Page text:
CRC clears legal hurdle, financial questions remain
Oregon Supreme Court rules Metro followed law in approving controversial project
The Columbia River Crossing project cleared a legal hurdle Thursday but still has many financial question to answer before it can be built.
On Feb. 16 the Oregon Supreme Court ruled that the Metro Council did not exceed its statutory when it approved the I-5 bridge and freeway improvement project under a streamlined process known as a land Use Final Order (LUFO). The Oregon Legislature created the LUFO process to eliminate jurisdictional fights over the route of an earlier north-south light rail plan. The council ruled the new light rail line from Portland to Vancouver that is part of the project was, in fact, a portion of the north-south route.
In December 2011, that premise and the resulting decision was challenged by a number of project opponents, including businesses in the Jantzen Beach area that could be affected by the project, a coalition of environmental and social justice organization, and the coalition of city neighborhood organization in North Portland. They appealed the decision to the state land Use Board of Appeals (LUBA), which sided with Metro. The opponents then appealed LUBA decision to the Oregon Supreme Court, which sided with LUBA.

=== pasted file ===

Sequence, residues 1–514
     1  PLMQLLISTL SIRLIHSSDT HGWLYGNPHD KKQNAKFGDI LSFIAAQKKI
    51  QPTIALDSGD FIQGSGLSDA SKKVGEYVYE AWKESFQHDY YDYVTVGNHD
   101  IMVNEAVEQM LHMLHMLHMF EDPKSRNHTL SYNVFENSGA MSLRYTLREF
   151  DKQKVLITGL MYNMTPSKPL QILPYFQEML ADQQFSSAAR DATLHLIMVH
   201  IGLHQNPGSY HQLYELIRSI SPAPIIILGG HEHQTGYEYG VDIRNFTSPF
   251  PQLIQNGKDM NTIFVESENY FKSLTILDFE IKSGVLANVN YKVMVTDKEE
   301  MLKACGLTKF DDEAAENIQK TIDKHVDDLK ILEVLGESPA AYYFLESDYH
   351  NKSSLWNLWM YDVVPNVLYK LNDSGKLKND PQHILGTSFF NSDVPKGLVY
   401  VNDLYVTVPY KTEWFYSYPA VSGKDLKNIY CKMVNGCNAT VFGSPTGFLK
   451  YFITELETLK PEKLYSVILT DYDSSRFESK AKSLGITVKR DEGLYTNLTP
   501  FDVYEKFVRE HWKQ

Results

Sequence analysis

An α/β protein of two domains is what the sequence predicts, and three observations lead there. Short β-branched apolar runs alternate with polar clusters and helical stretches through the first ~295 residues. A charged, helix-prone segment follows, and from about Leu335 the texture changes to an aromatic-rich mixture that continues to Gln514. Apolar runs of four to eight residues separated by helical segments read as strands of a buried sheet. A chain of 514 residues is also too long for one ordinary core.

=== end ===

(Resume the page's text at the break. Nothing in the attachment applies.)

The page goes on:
Under the ruling, an urban growth boundary issue between Metro and TriMet remains to be resolved. Since both parties support the project, that is not expected to delay it.
The project is intended to improve safety and reduce congestion in a five-mile stretch of I-5 that includes the bridge over the Columbia River. The current version would replace the bridge with a wider new one that include a light rail line and improved access for pedestrians and bicyclists. It also involved freeway interchange improvements, including better access to and from Jantzen Beach.
The project is currently estimated at $2.4 billion. That is the latest figure announced by project staff and represents a reduction from earlier estimated in the $3.6 billion to $4.2 billion range. The largest savings came from freeway interchange work that could be undertaken later.
The financial plan calls for it to be funded by a combination of federal, state and toll funds. Congress has yet to commit to the project, however, and neither have the Oregon and Washington legislatures. Voters in parts of Clark County must approve funding for the Washington portion of the light rail plan, too.
Despite the unresolved funding issues, pre-construction is scheduled to begin early this year.